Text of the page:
KITA calls for more Europe-Asia cooperation

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KITA calls for more Europe-Asia cooperation


President Park Geun-hye, second from right, Huh Chang-soo, chairman of the Federation of Korean Industries, third from right, and Han Duck-Soo, the Korea International Trade Association chairman, attend the Korea-Italy Business Forum in Milan, Italy, yesterday. [Joint Press Corps]

Following President Park Geun-hye’s state visit to Italy to attend the Asia-Europe Meeting (ASEM) summit, the Korea International Trade Association (KITA) said it will emphasize the need for extended economic cooperation between the European Union and Asian countries.

KITA said that its chairman, Han Duck-soo, who will attend the meeting today in Milan as a member of the president’s economic delegation, will call for closer trade and investment relationships between EU members and Asian countries at the Asia-Europe Business Forum, held prior to the ASEM summit’s regular sessions.

According to KITA, Han will deliver a keynote speech on behalf of Asia-based businesspeople, with the EU-based business lobby group Business Europe and CEOs of major businesses based in the two regions attending.

“Asia and Europe are the largest trade partners with each other, and the total trade has kept increasing by an average of 8.2 percent every year since 2000,” said Han.

“We can boost trade and investment by jointly executing our countries’ economic policies, further promoting FTAs and increasing talent exchanges.”

KITA said Han will talk about the European Union’s two flagship growth plans for the long term, Horizon 2020 and Eurostars.

Both programs led by the EU are similar to technology-oriented economic development plans executed in Asian countries. Horizon 2020 is a technology-based economic development plan that mainly manages R&D projects for next-generation, growth-engine businesses, while the Eurostars program supports small and midsize companies’ R&D projects and business competitiveness.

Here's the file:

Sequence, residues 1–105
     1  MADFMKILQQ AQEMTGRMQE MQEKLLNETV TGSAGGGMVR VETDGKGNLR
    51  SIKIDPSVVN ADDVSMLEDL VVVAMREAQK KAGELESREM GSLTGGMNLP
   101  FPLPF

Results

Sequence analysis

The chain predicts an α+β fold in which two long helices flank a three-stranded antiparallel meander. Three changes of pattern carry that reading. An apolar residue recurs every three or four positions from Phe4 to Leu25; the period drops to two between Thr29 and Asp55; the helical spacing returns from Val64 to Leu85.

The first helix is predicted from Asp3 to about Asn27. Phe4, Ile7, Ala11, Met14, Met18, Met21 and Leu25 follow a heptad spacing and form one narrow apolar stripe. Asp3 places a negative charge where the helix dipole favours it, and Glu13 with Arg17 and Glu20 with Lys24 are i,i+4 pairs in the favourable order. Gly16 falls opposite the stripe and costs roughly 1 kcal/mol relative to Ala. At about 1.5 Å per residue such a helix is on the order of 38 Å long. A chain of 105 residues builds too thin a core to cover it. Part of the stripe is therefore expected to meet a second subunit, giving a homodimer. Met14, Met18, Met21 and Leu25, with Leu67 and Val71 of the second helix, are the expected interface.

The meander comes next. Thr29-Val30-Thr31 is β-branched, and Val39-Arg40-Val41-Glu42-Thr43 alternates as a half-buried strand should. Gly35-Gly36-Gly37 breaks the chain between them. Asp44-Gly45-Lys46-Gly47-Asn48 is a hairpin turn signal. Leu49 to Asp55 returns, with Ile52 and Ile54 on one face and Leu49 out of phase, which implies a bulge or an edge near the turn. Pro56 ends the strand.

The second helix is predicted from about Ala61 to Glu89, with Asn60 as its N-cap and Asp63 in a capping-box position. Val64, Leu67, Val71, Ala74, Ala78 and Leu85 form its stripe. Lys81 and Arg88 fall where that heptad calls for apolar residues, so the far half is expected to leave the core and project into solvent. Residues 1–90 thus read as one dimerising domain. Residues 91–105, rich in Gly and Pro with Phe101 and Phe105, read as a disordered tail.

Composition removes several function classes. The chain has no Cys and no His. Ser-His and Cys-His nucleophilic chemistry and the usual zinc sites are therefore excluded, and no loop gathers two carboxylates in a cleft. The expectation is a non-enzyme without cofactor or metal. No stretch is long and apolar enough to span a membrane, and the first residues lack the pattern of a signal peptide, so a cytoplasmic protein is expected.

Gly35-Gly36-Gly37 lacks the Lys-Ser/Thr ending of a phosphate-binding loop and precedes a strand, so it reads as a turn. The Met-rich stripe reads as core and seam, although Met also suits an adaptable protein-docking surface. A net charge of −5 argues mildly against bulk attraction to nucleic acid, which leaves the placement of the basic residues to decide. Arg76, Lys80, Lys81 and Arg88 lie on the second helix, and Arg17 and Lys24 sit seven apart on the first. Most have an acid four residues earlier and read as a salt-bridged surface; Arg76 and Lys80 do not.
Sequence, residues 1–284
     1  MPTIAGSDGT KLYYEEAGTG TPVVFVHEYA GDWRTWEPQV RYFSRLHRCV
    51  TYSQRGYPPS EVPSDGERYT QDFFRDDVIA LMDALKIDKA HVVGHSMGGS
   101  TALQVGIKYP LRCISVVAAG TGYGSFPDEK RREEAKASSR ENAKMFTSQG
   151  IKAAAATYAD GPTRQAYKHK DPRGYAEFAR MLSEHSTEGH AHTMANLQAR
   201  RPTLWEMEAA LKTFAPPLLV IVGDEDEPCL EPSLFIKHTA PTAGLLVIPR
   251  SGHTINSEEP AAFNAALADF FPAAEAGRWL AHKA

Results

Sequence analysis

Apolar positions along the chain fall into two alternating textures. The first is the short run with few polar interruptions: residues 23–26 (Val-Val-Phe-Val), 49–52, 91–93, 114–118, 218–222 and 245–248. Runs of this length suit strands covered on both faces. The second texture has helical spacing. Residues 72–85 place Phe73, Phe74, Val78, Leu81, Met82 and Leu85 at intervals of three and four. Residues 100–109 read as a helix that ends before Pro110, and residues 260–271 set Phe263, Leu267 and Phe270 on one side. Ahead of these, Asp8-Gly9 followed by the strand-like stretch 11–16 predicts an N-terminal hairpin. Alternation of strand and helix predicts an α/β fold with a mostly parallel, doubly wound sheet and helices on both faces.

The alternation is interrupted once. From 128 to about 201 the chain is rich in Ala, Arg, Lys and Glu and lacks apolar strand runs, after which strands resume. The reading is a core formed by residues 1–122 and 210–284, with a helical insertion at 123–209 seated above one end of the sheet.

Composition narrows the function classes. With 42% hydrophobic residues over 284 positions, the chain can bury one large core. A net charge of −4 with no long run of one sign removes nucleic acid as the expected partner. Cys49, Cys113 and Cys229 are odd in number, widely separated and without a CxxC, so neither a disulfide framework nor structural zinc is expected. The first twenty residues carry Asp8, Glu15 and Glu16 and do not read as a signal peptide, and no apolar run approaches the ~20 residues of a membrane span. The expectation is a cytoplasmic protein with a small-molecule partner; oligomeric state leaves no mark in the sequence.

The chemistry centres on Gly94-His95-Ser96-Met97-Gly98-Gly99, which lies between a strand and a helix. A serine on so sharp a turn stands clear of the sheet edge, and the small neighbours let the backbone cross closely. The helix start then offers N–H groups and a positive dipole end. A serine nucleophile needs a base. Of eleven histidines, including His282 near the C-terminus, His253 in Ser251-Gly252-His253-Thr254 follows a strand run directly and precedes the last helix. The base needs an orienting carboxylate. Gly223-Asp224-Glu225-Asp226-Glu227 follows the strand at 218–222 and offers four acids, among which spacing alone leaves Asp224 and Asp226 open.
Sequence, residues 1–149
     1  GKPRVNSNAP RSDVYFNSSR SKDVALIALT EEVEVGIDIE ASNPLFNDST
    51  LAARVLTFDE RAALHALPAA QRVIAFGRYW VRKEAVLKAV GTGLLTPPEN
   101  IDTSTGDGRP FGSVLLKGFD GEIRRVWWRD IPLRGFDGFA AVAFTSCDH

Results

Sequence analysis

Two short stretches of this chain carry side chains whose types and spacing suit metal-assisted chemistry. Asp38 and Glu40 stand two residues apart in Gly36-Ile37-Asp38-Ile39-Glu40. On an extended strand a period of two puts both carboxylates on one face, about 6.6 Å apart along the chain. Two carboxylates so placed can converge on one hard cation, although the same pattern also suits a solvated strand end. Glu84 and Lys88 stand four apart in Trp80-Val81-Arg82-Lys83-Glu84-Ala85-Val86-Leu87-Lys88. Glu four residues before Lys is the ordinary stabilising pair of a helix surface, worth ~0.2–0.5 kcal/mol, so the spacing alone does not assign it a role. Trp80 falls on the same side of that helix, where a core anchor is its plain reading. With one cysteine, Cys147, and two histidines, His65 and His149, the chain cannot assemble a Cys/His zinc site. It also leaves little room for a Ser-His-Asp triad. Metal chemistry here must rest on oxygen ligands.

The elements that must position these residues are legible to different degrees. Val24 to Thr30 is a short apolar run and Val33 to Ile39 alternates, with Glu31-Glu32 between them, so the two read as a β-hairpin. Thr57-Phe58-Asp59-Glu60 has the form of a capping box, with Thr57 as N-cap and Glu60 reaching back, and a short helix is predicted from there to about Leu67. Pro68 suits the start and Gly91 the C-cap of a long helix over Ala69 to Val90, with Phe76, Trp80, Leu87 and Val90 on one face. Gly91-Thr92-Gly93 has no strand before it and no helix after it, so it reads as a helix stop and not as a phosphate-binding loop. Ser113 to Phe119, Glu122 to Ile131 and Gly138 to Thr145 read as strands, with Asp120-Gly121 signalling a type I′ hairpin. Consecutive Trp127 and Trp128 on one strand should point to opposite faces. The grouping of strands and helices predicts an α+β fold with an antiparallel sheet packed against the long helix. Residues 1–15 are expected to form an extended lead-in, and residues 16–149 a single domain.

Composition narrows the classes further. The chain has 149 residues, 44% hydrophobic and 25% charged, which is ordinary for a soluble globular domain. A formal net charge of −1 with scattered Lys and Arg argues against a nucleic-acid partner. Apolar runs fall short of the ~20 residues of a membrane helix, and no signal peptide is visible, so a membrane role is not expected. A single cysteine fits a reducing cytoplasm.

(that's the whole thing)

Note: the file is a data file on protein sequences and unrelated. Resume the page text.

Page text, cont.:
“Europe already has an advanced network of innovative research in fields of environment, energy and advanced technology,” said Han. “The potential for collaborative synergies between Europe and Asia are obvious.”

As for free trade agreements, Han praised their benefits and described how the three-year-old Korea-EU FTA has helped both countries maintain investments and export activities amid tough economic times.

Korea is the only country that has an FTA with the European Union, while six other Asian countries - Japan, Singapore, India, Taiwan, Vietnam and Malaysia - are negotiating pacts.

According to KITA data, incoming investment from the European Union to Korea shot up 47 percent in 2013 alone.

“In the long term, we also need to consider mechanisms to formally connect the European Union and the Regional Comprehensive Economic Partnership [RCEP] that is currently under negotiation,” added Han.

KITA said Han will address how the two regions can strengthen cooperation in other areas: closer joint business projects among small and midsize companies in the regions; exploring new markets via joint projects; joint development of eco-friendly technologies; and extensive exchanges of workers.

He explained that an Asia-Europe talent exchange program called ASEM Duo, which started in 2001, is an example of such cooperation, but pointed out that the program remained temporary.

In addition, Han said more exchanges of highly skilled young workers would help solve unemployment issues on both continents.

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